The pottery from the site is of a type known by archaeologists as Dyfed Gravel-tempered ware and does not have a clearly established date range. The fabric/body varies in coarseness and many sherds have little or no glaze. None of it is from a dated archaeological context so it is hard to say much about it. It may not all be of the same date.
Parallels and Dating
A review of post-Roman pottery production in Wales was carried out in 1968 by Eric Talbot and John Musty. They republished Wheeler’s drawing and thirteen pottery sherds from the original excavation retained at the National Museum of Wales. Representing jugs, jars, bowls and ridge-tiles, these they dated to the late 14th or 15th century. The study of late-medieval and post-medieval pottery and pottery technology were relatively new areas at this time. It is a shame that Musty did not actually visit the site because, as the then leading authority on medieval kilns, he might have questioned Wheeler’s hasty drawing and reinterpreted the structure. 
Based on the drawings, Musty noted the similarity with the late 16th century kiln excavated at Crockerton in Wiltshire in 1967. This kiln has a single firebox but uses a system of bars to support the floor above a solid drum in the same way. More closely related structures can be found amongst 17th century kilns from Donyatt in Somerset, an undated kiln excavated at Bridge Farm Nurseries, Ewenny in 1949, the 18th kiln surviving almost intact at The Pottery in the Park in Dunster in Somerset  and the 19th century kiln from Ewenny in Mid Glamorgan,  reconstructed at the St Fagans National History Museum. All of these are linked, having two opposed fireboxes and an internal dividing wall to separate the two firebox systems. Unaware of the English examples, Jeremy Lewis, writing in 1982, coined the name the Swansea-Ewenny group for these kilns. Newport would be the earliest example currently known of this particular design.
The late-medieval early modern period is not well recorded when it come to pottery production. There is as steady change of pottery types moving away from a model dominated by glazed jugs/pitchers and unglazed jar/cooking pot forms to a much more complex range of forms many of which have very specific functions – chafing dishes, bowls, plates, and small drinking jugs for instance. Kiln sites are rare and the nature of technological change is uncertain. The use of kiln furniture inside the kiln may become more frequent and flue structures more complex. Taking the very limited evidence of parallels for the Newport kiln and the few sherds of pottery that can be directly associated with it, it seems reasonable to suggest that Talbot’s date is too early and that a date in the late 15th or early 16th century is more likely. The kiln type relates most closely to post-medieval ones. The pottery appears late-medieval or early post-medieval. This in itself contributes to the value of Newport as an example from a period for which the range of archaeological evidence for pottery production is thin and potentially provides an early date for an innovative kiln design reflecting a growing understanding of gas flow and heat management.This is such a valuable site and such a worthwhile project. It is extraordinary that a site excavated in the 1920s is still intact and available for study. From the point of view of anyone interested in the development of ceramic technology or in medieval pottery or in building simple kilns it is really exciting to have access to such a complete structure. The early history of European kiln technology is poorly understood and interpretations of archaeological evidence are often well off the mark. The emergence of the ceramic technology of the Industrial Revolution was on the back of earlier knowledge, skills and innovations that are hard to trace. To have an early kiln with its firebox, flue and floor structures intact is a big step in developing sensible interpretations of much less complete archaeology.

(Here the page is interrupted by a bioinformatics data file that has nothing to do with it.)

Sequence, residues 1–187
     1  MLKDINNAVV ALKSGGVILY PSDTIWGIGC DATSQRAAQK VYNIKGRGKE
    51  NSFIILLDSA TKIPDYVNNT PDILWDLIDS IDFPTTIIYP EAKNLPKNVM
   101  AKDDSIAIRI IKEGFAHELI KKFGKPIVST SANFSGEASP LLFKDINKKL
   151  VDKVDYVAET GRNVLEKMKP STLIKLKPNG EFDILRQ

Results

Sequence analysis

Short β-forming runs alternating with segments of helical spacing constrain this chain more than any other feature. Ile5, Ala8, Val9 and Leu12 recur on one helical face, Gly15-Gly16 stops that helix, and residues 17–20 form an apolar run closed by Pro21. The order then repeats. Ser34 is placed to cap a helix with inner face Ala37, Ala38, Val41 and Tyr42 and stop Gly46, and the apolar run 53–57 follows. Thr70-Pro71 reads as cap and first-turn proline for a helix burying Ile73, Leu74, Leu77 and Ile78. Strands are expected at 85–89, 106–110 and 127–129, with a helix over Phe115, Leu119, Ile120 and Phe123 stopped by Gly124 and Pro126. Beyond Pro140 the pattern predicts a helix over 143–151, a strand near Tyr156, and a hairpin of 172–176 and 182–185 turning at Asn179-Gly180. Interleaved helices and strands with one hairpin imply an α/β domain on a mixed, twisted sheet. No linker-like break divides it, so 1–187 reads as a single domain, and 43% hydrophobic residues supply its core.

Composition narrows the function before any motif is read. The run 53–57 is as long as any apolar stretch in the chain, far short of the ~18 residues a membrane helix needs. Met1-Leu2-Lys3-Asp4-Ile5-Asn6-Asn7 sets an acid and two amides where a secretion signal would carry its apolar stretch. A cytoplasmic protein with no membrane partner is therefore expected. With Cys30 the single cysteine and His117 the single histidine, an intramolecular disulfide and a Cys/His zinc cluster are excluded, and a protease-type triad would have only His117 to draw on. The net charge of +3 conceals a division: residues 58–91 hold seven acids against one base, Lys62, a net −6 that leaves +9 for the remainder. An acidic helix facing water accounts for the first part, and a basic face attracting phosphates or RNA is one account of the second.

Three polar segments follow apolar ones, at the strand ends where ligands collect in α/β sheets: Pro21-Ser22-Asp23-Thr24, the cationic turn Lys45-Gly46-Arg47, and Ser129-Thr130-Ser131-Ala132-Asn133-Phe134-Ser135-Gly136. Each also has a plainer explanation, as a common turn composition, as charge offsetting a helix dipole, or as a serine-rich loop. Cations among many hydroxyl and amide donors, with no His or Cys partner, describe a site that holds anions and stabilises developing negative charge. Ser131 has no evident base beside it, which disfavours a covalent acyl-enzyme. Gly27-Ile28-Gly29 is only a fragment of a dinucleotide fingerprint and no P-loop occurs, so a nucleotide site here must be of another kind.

Since this post work at the Memorial Hall has gone on rapidly. Permission was agreed to re-excavate the kiln to establish what was there and confirm conservation needs. This was approved and we went ahead in December 2016. For more information see my December post Excavating the Medieval Kiln at Newport, Pembrokeshire.
 Slade, K, 2013, The Significance of the Newport Kiln, Pembrokeshire. An Assessment by K. Slade, Company of Artisans. Report to the Newport Village Hall Committee.
 Talbot, E. J. (1969) ‘Welsh Ceramics: A Documentary and Archaeological Survey.’ Post-Medieval Archaeology 2, 1968, 119-139.
 Wheeler probably only visited for a few hours and had little comparative evidence available to him to interpret the site. His drawings will have been based on quick on-site notes drawn up some time later (it was published in 1925).
 Algar, D. J., 1969, ‘Wiltshire: Crockerton,’ in Hurst, G (ed) ‘Post-Medieval Britain in 1967.’ Post-Medieval Archaeology, 2, 1968, 187-8.
 Lewis, J. M., (1982), The Ewenny Potteries. Cardiff: National Museum of Wales, 48-50.
 Dawson, D. and Kent, O., ‘‘Animated Prospect,’- An 18th-century Kiln at ‘the Pottery House in the Old Park, Dunster, Somerset,’ in Finch, J. and Giles, K., (eds), Estate Landscapes. Design, Improvement and Power in the Post-Medieval Landscape. Society for Post-Medieval Archaeology Monograph 4. Woodbridge: SPMA/Boydell and Brewer, 95-112
 Lewis, J. M., (1982), The Ewenny Potteries. Cardiff: National Museum of Wales. 50-1.